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From the Summer 2002 issue of Knowing & Doing:  

Conversational Apologetics

by Michael Ramsden
European Director, Zacharias Trust

 

he trouble with most theologians,” said one writer, “is that they go down deeper, stay down longer and come up murkier than anyone else I know.” Maybe, as you read this, that sentiment expresses your own feelings about apologetics. However, apologetics is not about injecting a dose of confusion into the Christian Gospel to try and make it sound more profound. It is about communicating the profundity of the Gospel so that it removes the confusion surrounding it.
  Apologetics is really about evangelism. The word apologetics comes from the Greek word apologia, which literally means a reasoned defense. The apostle Paul uses the word to describe his own ministry, when in Philippians he states that he is appointed for the defense and confirmation of the Gospel. We also find apologia used in 1 Peter, when a command is given that we should always be prepared to give an answer (apologia) for the reason for the hope that we have. Clearly, both Peter and Paul are thinking of evangelism in these contexts.
  Unfortunately, however, apologetics has come to be defined in such a way that to most people it means little more than engaging in abstract philosophical arguments, divorced from the reality of life. Yet apologetics is not about dry intellectualization of the Gospel. For others, the word seems to imply apologizing, as if Christians should say they were sorry for believing in Christ. Yet apologetics is not about that either.

The Truth About Apologetics

  So what do we mean when we talk about apologetics? The letter of 1 Peter is addressed to the wider church, which is suffering under persecution. The letter is a passionate one. Its readers are exhorted to lead holy and obedient lives, an endeavour made possible because of the new birth that has occurred in their lives through the living word of God. (1 Pet 1:17-24). Every chapter contains practical instruction as to how we should live and what attitude we should adopt. In the midst of all of this instruction comes a very clear command—to set apart Christ as Lord of our hearts and to be prepared to give an apologetic for the hope that we have (chapter 3:15). What then can we learn from this brief text about apologetics?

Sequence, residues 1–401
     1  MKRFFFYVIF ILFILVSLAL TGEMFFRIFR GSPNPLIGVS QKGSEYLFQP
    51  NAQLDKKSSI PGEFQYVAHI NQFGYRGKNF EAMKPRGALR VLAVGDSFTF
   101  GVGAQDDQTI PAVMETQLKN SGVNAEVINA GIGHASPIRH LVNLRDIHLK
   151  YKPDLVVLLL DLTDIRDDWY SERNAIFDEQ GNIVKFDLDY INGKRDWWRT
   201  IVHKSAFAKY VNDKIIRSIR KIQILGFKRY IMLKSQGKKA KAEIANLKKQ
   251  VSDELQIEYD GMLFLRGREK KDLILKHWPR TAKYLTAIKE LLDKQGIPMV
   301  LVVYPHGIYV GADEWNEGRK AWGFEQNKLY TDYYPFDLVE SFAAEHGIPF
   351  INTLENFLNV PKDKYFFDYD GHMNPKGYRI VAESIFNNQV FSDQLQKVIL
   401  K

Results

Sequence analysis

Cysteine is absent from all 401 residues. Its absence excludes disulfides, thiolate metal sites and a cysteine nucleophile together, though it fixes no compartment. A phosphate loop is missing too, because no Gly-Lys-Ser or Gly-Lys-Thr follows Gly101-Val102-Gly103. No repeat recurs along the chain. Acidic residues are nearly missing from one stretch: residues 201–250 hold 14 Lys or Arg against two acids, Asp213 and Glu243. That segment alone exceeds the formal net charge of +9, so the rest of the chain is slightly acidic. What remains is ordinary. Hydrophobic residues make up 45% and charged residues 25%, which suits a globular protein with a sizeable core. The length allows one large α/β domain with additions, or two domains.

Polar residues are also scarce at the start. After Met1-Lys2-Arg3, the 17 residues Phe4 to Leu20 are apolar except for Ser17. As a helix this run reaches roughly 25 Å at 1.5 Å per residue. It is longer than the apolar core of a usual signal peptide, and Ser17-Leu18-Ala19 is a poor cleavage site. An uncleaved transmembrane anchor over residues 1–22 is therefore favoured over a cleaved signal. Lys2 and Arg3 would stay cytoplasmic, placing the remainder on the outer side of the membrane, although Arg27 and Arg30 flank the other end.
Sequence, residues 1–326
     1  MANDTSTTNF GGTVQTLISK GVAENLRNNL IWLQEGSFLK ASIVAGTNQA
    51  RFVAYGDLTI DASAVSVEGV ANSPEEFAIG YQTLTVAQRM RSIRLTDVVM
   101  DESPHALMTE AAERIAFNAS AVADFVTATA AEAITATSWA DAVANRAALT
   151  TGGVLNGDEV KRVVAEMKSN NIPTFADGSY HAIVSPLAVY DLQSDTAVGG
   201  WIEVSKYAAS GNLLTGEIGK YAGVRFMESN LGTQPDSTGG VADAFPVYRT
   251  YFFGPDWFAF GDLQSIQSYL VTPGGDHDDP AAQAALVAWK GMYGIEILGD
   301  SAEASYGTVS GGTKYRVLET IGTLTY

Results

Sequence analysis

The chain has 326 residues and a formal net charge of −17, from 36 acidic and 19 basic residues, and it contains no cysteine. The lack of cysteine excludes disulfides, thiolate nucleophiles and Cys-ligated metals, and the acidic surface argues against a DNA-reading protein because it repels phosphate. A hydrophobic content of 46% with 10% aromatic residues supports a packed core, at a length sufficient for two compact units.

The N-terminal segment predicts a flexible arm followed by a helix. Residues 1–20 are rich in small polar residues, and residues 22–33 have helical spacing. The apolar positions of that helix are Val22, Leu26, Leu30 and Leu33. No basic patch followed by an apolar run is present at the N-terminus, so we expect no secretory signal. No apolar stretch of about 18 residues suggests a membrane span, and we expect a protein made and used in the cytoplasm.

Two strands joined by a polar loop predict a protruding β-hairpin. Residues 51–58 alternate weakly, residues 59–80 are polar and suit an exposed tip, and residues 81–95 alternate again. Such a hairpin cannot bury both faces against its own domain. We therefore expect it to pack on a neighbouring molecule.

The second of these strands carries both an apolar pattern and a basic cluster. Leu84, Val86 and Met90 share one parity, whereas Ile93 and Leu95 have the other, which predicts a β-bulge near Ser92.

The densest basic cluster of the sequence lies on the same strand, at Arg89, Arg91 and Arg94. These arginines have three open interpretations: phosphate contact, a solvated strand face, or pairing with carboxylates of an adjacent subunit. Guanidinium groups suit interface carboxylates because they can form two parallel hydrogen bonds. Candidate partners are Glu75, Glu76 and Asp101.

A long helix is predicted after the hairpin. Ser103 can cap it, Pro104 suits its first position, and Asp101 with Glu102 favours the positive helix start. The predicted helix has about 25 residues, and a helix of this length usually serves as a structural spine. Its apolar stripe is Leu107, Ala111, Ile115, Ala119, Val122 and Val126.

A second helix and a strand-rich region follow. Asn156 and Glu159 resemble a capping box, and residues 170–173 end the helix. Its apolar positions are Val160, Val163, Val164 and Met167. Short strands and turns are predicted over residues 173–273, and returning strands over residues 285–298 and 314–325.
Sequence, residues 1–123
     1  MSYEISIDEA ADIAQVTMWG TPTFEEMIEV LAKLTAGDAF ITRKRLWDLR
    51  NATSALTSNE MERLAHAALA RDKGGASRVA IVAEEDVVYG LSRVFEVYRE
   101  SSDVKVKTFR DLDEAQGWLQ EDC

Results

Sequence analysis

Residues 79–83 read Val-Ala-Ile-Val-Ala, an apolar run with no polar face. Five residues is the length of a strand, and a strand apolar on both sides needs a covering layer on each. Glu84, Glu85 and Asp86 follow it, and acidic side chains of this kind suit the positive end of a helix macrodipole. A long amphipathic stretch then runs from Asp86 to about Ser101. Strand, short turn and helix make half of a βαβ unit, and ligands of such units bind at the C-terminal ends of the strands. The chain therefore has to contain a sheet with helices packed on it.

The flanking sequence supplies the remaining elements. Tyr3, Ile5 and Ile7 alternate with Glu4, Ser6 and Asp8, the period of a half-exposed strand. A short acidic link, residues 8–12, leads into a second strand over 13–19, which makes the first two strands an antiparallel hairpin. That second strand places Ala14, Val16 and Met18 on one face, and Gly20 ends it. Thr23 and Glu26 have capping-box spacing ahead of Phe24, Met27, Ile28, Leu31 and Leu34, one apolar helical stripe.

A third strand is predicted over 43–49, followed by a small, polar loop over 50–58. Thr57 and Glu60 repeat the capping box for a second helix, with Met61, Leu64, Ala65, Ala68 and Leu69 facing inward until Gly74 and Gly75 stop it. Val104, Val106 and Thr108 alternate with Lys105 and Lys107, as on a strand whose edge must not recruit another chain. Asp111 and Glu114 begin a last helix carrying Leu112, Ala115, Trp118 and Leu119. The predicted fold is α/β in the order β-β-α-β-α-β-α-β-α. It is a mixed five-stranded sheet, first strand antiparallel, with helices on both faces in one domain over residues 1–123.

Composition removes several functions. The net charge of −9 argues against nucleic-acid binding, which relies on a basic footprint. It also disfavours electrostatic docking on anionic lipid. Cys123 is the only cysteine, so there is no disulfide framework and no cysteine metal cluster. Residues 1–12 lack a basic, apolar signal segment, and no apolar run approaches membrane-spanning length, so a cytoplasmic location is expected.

Firstly, the lordship of Christ needs to be a settled factor in our lives. The term “heart” does not just refer to the seat of our feelings, but also of our thoughts. Every part of us needs to be under the authority of, and obedient to, Christ.
  The book of James speaks of the double-minded man. This turn of phrase does not mean to be twofaced, it means to try to look in two different directions, to be caught between two opinions and not have made a commitment either way. Such a person is simply swept along by the tide, tossed backward and forward by the ever-changing winds of public opinion. In contrast, the man who asks in faith is stable, and his prayers for wisdom are effective. The connotation is of someone who has been persuaded and has put his trust into that which is truthful.
  The starting point for giving an apologetic, therefore, is not possessing a top-notch education or holding a proliferation of theological qualifications. It is accepting Christ’s Lordship in all areas of our lives including our thinking. If we are still caught in two minds, if we are not convinced of the veracity of the Gospel, we will never be able to develop an effective apologetic for the hope that we have, because Christ is not Lord of all of our life.

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